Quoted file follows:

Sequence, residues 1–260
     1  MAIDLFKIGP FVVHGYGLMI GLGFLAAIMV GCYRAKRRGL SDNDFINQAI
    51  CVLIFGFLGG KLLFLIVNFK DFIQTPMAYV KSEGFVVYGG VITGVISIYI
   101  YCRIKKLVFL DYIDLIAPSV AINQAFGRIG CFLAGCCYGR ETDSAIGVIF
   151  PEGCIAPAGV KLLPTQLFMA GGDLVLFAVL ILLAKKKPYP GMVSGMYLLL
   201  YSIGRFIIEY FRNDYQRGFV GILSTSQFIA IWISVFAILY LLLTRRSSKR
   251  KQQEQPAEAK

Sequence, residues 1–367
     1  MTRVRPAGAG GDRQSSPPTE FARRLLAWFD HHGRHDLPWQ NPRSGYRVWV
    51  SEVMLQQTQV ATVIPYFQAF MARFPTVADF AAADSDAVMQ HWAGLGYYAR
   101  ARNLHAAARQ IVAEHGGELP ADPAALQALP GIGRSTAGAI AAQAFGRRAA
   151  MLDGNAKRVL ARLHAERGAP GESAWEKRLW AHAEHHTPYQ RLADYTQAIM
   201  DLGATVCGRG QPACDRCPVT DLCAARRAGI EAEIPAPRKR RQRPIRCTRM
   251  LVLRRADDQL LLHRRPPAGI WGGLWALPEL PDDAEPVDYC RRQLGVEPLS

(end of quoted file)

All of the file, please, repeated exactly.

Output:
Sequence, residues 1–260
     1  MAIDLFKIGP FVVHGYGLMI GLGFLAAIMV GCYRAKRRGL SDNDFINQAI
    51  CVLIFGFLGG KLLFLIVNFK DFIQTPMAYV KSEGFVVYGG VITGVISIYI
   101  YCRIKKLVFL DYIDLIAPSV AINQAFGRIG CFLAGCCYGR ETDSAIGVIF
   151  PEGCIAPAGV KLLPTQLFMA GGDLVLFAVL ILLAKKKPYP GMVSGMYLLL
   201  YSIGRFIIEY FRNDYQRGFV GILSTSQFIA IWISVFAILY LLLTRRSSKR
   251  KQQEQPAEAK

Sequence, residues 1–367
     1  MTRVRPAGAG GDRQSSPPTE FARRLLAWFD HHGRHDLPWQ NPRSGYRVWV
    51  SEVMLQQTQV ATVIPYFQAF MARFPTVADF AAADSDAVMQ HWAGLGYYAR
   101  ARNLHAAARQ IVAEHGGELP ADPAALQALP GIGRSTAGAI AAQAFGRRAA
   151  MLDGNAKRVL ARLHAERGAP GESAWEKRLW AHAEHHTPYQ RLADYTQAIM
   201  DLGATVCGRG QPACDRCPVT DLCAARRAGI EAEIPAPRKR RQRPIRCTRM
   251  LVLRRADDQL LLHRRPPAGI WGGLWALPEL PDDAEPVDYC RRQLGVEPLS